Race for the Escape by Christopher Edge, 176 pages. Delacorte Press (Random House Children’s), 2022. $17.

Language: G (0 swears, 0 “f”); Mature Content: G; Violence: PG



Ami likes puzzles, so she’s excited to try this escape room place her dad found and solve puzzles with a team. The theme is to find the Answer and save the world, which sounds like fun, until the first room catches on fire. It doesn’t really feel like a game anymore.

The escape rooms were vague in directions and solutions, and a lot of things didn’t feel right as Ami kept going room to room. Edge built up to the conclusion – and the twist! – well, but the vagueness continued through the last page. The hope is for readers to realize that, like Ami, we can find the Answer and help save the world – like Edge has written Ami’s story more for inspiration and empowerment than for entertainment.

Ami is implied white, though the depiction of her on the cover is not definitive. Adjoa is described as having “dark brown” skin (and the cover backs up the description), Oscar is implied white, and Ibrahim’s and Min’s races are undefined. The violence rating is for blood and death.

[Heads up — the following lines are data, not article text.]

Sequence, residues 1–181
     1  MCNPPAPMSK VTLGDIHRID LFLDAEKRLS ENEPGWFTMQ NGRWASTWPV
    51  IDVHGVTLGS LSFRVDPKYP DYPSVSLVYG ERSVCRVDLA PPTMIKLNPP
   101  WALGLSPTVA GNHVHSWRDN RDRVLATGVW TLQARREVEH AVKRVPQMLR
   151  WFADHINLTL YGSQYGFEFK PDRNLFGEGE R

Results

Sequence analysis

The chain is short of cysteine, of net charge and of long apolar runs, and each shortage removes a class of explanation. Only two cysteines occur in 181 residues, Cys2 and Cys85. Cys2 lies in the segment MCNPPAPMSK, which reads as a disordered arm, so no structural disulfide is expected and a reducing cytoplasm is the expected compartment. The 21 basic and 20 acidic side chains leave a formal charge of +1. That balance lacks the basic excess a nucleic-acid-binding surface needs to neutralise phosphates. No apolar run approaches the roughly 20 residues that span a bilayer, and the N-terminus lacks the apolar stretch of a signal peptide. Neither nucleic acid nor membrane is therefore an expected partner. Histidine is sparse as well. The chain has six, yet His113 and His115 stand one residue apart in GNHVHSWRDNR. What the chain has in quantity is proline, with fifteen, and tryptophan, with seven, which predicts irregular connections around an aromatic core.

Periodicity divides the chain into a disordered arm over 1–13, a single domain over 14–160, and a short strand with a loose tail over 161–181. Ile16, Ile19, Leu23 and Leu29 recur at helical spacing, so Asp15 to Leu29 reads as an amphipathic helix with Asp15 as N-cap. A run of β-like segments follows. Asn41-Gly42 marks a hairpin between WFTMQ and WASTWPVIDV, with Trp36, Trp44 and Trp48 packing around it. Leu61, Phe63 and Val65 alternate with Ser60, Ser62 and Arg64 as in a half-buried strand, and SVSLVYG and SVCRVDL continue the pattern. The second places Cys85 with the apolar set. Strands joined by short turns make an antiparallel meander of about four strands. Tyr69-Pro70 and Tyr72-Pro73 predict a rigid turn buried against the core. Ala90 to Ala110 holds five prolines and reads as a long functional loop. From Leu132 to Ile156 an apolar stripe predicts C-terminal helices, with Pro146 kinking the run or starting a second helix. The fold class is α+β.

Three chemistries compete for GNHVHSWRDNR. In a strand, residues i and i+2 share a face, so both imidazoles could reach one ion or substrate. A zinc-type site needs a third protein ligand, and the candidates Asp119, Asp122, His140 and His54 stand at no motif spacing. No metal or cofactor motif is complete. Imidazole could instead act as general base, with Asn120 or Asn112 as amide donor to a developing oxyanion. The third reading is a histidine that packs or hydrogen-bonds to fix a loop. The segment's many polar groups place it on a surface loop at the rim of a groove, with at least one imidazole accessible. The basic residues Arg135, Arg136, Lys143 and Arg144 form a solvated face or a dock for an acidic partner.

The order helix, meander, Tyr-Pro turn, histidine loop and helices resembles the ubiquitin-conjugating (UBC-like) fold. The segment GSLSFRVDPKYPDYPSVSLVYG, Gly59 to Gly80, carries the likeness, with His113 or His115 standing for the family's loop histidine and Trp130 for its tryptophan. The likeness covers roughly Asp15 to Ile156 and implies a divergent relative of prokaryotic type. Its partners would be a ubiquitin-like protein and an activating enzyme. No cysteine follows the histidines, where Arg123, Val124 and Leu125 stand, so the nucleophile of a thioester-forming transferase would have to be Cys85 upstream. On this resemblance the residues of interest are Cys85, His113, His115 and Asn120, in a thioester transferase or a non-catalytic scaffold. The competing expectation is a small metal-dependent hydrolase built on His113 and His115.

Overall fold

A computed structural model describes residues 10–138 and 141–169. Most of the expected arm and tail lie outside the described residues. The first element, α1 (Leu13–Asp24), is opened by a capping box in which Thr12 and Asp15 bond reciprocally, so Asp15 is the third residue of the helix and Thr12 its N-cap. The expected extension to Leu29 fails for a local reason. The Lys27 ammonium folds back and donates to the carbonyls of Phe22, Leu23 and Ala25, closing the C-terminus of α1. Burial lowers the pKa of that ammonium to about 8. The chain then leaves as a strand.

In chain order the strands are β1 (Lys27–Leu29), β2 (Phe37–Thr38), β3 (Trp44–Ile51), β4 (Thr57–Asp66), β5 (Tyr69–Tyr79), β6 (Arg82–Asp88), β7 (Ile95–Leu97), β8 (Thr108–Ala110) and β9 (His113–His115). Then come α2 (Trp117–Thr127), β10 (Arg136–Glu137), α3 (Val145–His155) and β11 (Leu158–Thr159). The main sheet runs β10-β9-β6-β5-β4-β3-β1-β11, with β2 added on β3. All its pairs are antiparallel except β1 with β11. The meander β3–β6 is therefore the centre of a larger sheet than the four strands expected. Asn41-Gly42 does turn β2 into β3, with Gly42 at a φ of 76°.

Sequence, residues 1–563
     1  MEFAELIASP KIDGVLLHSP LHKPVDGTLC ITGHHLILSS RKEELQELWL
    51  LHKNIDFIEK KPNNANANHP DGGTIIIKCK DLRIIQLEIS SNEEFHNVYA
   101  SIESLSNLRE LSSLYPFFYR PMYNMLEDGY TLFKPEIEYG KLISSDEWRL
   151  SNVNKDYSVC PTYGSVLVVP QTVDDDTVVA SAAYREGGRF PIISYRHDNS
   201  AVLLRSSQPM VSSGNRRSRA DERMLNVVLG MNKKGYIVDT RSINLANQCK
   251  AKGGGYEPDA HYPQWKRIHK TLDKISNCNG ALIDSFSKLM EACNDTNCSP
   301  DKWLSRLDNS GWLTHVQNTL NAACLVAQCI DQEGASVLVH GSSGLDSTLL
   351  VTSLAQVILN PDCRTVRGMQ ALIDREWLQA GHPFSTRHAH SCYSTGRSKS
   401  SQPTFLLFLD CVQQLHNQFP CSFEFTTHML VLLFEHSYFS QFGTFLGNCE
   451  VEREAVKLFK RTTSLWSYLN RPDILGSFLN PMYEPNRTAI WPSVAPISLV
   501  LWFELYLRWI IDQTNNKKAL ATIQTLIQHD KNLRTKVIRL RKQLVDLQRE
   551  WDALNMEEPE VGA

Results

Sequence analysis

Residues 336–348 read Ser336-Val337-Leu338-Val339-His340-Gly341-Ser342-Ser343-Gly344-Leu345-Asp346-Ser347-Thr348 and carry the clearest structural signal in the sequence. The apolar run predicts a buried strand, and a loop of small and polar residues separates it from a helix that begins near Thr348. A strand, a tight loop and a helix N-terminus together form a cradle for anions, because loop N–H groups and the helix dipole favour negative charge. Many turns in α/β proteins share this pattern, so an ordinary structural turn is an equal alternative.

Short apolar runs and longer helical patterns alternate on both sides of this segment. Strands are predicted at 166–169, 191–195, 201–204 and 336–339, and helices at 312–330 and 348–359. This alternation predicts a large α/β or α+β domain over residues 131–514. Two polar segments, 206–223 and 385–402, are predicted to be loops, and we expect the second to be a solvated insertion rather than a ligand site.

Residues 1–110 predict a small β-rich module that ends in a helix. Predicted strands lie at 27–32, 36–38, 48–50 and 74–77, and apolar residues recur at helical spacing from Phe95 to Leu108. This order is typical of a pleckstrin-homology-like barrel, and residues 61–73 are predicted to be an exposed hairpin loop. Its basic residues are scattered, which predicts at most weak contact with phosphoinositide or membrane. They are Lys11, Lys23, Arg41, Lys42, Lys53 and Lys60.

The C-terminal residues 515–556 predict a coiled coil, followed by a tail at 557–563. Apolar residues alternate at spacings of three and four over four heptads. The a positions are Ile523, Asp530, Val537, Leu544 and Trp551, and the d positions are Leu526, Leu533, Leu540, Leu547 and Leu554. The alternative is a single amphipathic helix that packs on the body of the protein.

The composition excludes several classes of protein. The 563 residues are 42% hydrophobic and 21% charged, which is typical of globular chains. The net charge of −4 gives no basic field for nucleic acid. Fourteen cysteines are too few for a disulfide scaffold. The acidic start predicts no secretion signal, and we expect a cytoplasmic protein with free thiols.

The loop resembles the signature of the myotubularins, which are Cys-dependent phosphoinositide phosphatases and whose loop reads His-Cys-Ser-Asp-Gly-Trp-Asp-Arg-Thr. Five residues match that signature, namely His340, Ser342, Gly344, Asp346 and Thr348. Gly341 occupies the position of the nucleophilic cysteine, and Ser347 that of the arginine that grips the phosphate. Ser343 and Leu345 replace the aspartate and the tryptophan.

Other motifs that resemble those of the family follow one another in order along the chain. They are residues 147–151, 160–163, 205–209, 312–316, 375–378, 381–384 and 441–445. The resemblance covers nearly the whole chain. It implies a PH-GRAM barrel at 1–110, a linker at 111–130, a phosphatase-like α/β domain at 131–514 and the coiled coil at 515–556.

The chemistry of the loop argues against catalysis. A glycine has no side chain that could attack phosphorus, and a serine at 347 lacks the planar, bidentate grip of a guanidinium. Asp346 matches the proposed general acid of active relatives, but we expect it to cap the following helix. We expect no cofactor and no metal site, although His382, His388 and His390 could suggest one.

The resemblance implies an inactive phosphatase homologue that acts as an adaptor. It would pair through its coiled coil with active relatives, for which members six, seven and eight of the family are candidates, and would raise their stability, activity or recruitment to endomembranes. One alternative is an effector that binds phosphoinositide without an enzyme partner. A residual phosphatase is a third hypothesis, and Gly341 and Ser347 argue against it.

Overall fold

Reviewer: Carolina Herdegen

Wednesday, July 13, 2022

Engaging Emma by Elle M. Adams - OPTIONAL

Engaging Emma by Elle M. Adams, 232 pages. Covenant Communications, 2022. $16.

Language: G (0 swears, 0 “f”); Mature Content: PG; Violence: G



Having gone their separate ways twelve years ago, Emma (29yo) and Tucker (30yo) are frustrated to discover they haven’t moved on as well as they thought they had. Tucker may have returned for a few weeks, but he is engaged and has a promising life in California that will take him right back while Emma fights to adapt with the times in her small hometown.